European Management Emergency Application allows citizens to communicate with 112 in any Member State, and communication development tests between Murcia and the Basque Country and the 112 Centre in Finland have been successful.So far, the interconnection of applications in the 6 countries of the European Union has been successfully tested.
These tests were carried out on the GHALE platform developed by Deveryware, France.Participation in the implementation and operation of the Pan-European Mobile Emergency Applications (PEMEA) network.
European citizens are allowed to contact the Emergency Rescue Center 112 using software from their country of origin without having to install multiple software from one country to another.
GHALE is a PEMEA-based platform that allows data connectivity between different 112 software.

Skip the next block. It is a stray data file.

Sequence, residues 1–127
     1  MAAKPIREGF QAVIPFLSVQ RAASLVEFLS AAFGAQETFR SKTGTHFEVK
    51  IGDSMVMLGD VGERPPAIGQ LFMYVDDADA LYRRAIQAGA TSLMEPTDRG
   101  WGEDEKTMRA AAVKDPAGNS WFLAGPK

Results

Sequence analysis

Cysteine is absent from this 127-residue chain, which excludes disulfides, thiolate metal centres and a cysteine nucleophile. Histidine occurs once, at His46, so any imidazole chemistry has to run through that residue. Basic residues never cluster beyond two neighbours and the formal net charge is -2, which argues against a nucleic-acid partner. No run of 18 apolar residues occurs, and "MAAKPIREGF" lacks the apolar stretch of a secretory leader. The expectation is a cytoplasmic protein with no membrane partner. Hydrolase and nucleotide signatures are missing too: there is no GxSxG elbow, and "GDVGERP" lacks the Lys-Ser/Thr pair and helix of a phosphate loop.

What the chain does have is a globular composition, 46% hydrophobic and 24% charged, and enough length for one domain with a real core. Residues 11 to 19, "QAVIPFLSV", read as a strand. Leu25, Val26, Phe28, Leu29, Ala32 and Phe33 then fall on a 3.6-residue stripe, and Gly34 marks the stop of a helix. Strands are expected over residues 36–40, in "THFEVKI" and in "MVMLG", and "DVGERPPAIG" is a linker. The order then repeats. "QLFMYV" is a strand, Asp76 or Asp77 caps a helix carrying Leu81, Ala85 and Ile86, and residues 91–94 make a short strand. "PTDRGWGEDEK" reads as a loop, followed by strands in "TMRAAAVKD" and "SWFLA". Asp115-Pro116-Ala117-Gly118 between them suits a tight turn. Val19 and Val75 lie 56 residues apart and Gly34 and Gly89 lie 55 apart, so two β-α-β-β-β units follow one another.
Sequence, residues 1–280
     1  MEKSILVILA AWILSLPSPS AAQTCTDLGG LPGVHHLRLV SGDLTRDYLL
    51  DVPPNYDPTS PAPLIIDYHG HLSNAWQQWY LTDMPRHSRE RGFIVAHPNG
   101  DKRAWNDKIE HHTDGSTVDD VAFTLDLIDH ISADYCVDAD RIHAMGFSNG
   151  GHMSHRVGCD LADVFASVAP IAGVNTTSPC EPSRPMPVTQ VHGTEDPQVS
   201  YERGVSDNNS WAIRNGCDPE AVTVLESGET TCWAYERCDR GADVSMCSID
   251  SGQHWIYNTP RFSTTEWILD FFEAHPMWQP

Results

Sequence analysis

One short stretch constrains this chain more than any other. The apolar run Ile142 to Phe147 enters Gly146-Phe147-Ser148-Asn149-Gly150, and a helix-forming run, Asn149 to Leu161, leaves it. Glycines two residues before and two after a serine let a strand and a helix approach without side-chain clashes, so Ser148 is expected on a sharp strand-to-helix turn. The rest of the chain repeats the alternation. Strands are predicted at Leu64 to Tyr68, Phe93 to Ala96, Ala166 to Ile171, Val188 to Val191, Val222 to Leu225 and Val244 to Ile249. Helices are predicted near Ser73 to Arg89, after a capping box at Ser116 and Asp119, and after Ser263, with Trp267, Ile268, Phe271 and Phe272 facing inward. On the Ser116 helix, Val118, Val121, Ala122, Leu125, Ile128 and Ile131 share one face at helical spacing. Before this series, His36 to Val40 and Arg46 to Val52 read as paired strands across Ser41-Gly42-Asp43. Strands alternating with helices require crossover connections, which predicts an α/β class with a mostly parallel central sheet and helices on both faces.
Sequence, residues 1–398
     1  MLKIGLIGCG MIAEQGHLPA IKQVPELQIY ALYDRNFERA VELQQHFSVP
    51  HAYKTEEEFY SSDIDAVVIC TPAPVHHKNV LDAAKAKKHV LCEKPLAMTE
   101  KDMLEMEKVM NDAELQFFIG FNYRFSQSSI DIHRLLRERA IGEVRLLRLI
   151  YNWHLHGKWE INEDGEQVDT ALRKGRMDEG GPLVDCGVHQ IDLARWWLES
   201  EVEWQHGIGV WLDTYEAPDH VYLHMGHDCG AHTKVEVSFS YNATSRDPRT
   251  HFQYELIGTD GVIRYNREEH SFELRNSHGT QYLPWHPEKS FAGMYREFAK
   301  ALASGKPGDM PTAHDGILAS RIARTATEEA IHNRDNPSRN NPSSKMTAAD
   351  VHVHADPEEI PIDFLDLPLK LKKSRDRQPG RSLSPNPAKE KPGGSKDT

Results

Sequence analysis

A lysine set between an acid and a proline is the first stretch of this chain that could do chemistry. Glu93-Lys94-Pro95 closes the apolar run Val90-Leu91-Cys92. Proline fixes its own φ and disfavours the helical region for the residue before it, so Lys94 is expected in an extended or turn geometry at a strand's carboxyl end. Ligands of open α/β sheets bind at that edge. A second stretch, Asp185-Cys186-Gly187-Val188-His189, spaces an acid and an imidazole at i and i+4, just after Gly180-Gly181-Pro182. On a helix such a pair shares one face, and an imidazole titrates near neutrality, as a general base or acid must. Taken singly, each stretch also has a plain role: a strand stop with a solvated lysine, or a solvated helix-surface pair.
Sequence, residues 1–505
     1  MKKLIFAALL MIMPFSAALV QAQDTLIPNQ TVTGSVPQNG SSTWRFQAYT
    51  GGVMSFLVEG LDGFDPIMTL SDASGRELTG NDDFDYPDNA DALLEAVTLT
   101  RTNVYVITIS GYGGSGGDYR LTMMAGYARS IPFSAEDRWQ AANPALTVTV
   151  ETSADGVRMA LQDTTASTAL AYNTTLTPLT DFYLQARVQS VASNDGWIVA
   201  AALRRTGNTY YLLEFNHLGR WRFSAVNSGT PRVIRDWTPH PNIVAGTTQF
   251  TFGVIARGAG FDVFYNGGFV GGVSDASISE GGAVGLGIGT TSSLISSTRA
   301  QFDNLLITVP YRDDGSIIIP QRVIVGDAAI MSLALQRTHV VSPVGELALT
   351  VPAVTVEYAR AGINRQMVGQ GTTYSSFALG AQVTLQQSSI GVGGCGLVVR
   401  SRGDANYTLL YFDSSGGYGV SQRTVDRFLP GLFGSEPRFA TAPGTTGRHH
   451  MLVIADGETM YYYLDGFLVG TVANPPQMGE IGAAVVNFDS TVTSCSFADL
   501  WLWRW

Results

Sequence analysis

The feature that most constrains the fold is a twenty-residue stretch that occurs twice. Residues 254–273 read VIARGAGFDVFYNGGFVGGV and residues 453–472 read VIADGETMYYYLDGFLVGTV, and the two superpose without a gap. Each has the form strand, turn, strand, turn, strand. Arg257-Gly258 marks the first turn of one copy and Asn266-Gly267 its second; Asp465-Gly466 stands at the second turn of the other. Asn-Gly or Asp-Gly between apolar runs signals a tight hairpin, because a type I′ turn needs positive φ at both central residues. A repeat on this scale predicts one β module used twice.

Through the platform and its network computing,Murcia was tested between March and April 2019,Basque Country Spain and Finland.These tests focus on the exchange of data and the stability between the two software.
As Deveryware explained,the platform for facilitating communication between emergency software and emergency centers in different European countries, and interoperability provides access to data,securely provide the exact location of the caller,User information and emergency contacts, even if the phone is locked.
In its advanced version, including multi-language chat, video management via Web Real-Time Communication (WebRTC), routing information based on the Session Initiation Protocol (SIP) "Over The Top" service, photos and videos from Software loaded into public-safety answering point (PSAP),A notification, warning or alert sent from 112 to any connected application via PEMEA located around the alert.
According to its developers,It is designed to eliminate communication barriers for people with disabilities, for people with visual and auditory limitations, and to improve the availability of older people.
In addition, they are experiencing the experience at the Estremadura Emergency Center, which integrates a software called “Svisual” into the PEMEA network.